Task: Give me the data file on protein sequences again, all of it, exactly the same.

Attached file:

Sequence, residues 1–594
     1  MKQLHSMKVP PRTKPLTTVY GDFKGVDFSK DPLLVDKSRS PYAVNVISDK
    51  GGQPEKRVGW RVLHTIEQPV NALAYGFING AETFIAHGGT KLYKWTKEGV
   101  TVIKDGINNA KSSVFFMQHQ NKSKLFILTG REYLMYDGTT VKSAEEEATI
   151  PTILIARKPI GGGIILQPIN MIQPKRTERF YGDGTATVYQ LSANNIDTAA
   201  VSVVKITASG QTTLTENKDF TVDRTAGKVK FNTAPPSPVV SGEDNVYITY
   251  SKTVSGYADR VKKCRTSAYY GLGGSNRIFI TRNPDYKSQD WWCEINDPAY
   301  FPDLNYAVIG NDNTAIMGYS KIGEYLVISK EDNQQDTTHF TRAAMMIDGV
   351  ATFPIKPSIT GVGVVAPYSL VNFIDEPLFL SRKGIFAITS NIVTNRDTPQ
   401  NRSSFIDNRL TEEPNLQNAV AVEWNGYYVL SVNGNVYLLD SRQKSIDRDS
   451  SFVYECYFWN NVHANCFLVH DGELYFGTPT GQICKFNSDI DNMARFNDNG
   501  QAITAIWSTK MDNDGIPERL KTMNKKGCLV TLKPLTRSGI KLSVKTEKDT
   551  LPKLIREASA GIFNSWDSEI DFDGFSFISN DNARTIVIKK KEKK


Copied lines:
Sequence, residues 1–594
     1  MKQLHSMKVP PRTKPLTTVY GDFKGVDFSK DPLLVDKSRS PYAVNVISDK
    51  GGQPEKRVGW RVLHTIEQPV NALAYGFING AETFIAHGGT KLYKWTKEGV
   101  TVIKDGINNA KSSVFFMQHQ NKSKLFILTG REYLMYDGTT VKSAEEEATI
   151  PTILIARKPI GGGIILQPIN MIQPKRTERF YGDGTATVYQ LSANNIDTAA
   201  VSVVKITASG QTTLTENKDF TVDRTAGKVK FNTAPPSPVV SGEDNVYITY
   251  SKTVSGYADR VKKCRTSAYY GLGGSNRIFI TRNPDYKSQD WWCEINDPAY
   301  FPDLNYAVIG NDNTAIMGYS KIGEYLVISK EDNQQDTTHF TRAAMMIDGV
   351  ATFPIKPSIT GVGVVAPYSL VNFIDEPLFL SRKGIFAITS NIVTNRDTPQ
   401  NRSSFIDNRL TEEPNLQNAV AVEWNGYYVL SVNGNVYLLD SRQKSIDRDS
   451  SFVYECYFWN NVHANCFLVH DGELYFGTPT GQICKFNSDI DNMARFNDNG
   501  QAITAIWSTK MDNDGIPERL KTMNKKGCLV TLKPLTRSGI KLSVKTEKDT
   551  LPKLIREASA GIFNSWDSEI DFDGFSFISN DNARTIVIKK KEKK